Numbers And Number Format Function

All numbers in JavaScript are 64bit (8 bytes) floating point numbers which yields an effective range of 5e-324 (negative) to 1.7976931348623157e+308 (positive). Because JavaScript is loosely typed and the plus operator also concatenates, you can easily convert JavaScript Numbers to Strings using: 1 + "". JavaScript also has some built in number logic attached to the Number Object. However, most people never realize this, as they do not understand the difference between a JavaScript Number literal and a Number object.

Example 1: Literal vs. Object

var numericLiteral = 0;
var numericObject = new Number(0);

if (numericLiteral) { } // false because 0 is a falsy, will not be executed. 
if (numericObject) { }  // true because numericObject exists as an object, will be executed.

The important distinction, as seen in the example above, is that Number objects are not falsy when they are ZERO. Since, they are Objects, they are truthy when they have any value except undefined and null. By default all Number variables (both numbericLiteral and numbericObject) have several functions available on their prototype:

Example 2: Number Functions

method		IE	FireFox		Explaination
toExponential	5.5	1.5	Returns the expotential value of the number.
toFixed		5.5	1.5	Returns a number with a specified number of decimals.
toLocaleString	3	2.0	Displays the number using regional preferences.
toPrecision	5.5	1.5	Returns a string with a specified number of digits.
toSource	---	1.5	Returns the source code used to make the number.
toString	3	2.0	Returns the number as a string.
ValueOf		3	2.0	See toString

* Table From The Complete JavaScript Number Reference

The toFixed and toPrecision method come in very handy when converting Numbers to Strings with a given number of decimals or precision. However, they do not help when you want to use commas to represent thousands, millions, etc. For this task we will need to attach another method format to Number, which will allow us to add not only comma, but also additional non-number characters (like $ and %).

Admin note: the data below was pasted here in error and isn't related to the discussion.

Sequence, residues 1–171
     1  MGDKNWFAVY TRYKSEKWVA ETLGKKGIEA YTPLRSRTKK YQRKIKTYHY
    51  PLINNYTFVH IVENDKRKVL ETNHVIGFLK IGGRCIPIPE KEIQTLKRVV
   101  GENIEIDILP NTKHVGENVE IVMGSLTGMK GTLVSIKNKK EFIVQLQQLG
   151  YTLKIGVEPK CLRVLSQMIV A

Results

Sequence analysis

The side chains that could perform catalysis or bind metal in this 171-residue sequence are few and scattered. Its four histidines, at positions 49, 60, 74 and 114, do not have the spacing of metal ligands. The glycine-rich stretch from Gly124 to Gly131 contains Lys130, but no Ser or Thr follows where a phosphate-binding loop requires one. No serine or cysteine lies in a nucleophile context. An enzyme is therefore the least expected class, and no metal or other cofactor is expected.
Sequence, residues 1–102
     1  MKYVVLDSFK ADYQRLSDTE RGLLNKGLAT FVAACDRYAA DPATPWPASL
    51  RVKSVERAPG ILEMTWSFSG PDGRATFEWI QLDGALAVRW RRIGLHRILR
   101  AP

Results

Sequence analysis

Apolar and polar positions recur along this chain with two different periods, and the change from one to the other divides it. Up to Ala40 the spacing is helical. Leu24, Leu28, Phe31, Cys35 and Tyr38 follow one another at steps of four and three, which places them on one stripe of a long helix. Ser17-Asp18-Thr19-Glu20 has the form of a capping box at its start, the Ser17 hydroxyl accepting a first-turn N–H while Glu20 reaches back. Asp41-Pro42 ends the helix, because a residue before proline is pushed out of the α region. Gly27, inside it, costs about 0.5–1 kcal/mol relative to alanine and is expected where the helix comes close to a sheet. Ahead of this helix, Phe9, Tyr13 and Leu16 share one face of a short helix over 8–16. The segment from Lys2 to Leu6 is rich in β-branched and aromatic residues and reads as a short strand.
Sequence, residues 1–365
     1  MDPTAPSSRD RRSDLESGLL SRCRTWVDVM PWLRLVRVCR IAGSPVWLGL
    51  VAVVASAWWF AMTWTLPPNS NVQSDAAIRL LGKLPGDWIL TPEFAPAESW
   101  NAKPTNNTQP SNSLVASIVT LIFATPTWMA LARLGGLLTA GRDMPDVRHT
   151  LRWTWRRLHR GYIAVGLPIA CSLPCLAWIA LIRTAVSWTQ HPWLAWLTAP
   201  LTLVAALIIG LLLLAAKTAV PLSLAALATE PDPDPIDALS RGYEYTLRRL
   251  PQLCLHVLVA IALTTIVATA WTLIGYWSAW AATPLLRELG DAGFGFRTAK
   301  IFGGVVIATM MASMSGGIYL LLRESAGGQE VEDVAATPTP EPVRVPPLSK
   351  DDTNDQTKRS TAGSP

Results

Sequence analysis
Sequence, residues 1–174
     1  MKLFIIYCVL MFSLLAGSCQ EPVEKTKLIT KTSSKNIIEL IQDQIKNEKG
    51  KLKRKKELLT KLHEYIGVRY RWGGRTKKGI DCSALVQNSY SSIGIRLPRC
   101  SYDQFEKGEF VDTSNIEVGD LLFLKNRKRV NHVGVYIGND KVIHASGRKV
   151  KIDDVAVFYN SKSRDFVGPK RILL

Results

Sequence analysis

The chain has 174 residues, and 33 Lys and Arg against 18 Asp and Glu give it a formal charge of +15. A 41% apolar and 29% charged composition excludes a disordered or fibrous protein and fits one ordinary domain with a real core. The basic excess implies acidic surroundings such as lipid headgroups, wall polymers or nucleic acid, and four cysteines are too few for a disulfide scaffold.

Example 3: Format Function

 * Formats the number according to the format string; adherses to the american number standard where a comma is inserted after every 3 digits.
 *  note: there should be only 1 contiguous number in the format, where a number consists of digits, period, and commas
 *        any other characters can be wrapped around this number, including $, %, or text
 *        examples (123456.789):
 *          0 - (123456) show only digits, no precision
 *          0.00 - (123456.78) show only digits, 2 precision
 *          0.0000 - (123456.7890) show only digits, 4 precision
 *          0,000 - (123,456) show comma and digits, no precision
 *          0,000.00 - (123,456.78) show comma and digits, 2 precision
 *          0,0.00 - (123,456.78) shortcut method, show comma and digits, 2 precision
 * @method format
 * @param format {string} the way you would like to format this text
 * @return {string} the formatted number
 * @public
Number.prototype.format = function(format) {
	if (! isType(format, string)) {return ;} // sanity check

	var hasComma = -1 < format.indexOf(,),
		psplit = format.stripNonNumeric().split(.),
		that = this;

	// compute precision
	if (1 < psplit.length) {
		// fix number precision
		that = that.toFixed(psplit[1].length);
	// error: too many periods
	else if (2 < psplit.length) {
		throw(NumberFormatException: invalid format, formats should have no more than 1 period:  + format);
	// remove precision
	else {
		that = that.toFixed(0);

	// get the string now that precision is correct
	var fnum = that.toString();

	// format has comma, then compute commas
	if (hasComma) {
		// remove precision for computation
		psplit = fnum.split(.);
		var cnum = psplit[0],
			parr = [],
			j = cnum.length,
			m = Math.floor(j / 3),
			n = cnum.length % 3 || 3; // n cannot be ZERO or causes infinite loop

		// break the number into chunks of 3 digits; first chunk may be less than 3
		for (var i = 0; i < j; i += n) {
			if (i != 0) {n = 3;}
			parr[parr.length] = cnum.substr(i, n);
			m -= 1;

		// put chunks back together, separated by comma
		fnum = parr.join(,);

		// add the precision back in
		if (psplit[1]) {fnum += . + psplit[1];}

	// replace the number portion of the format with fnum
	return format.replace(/[\d,?\.?]+/, fnum);

See the comment block for help on how this function should behave. Basically, you can pass in a String as the format that contain any one number (in the format that you like) and the result will replace the number in the format String with the properly formatted Number object.

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All number variables have the Functions of "Number.prototype" available to them whether instantiated by call "new Number()" or simply setting a primitive to a variable. Only number primitives like "77" do not have the prototype function.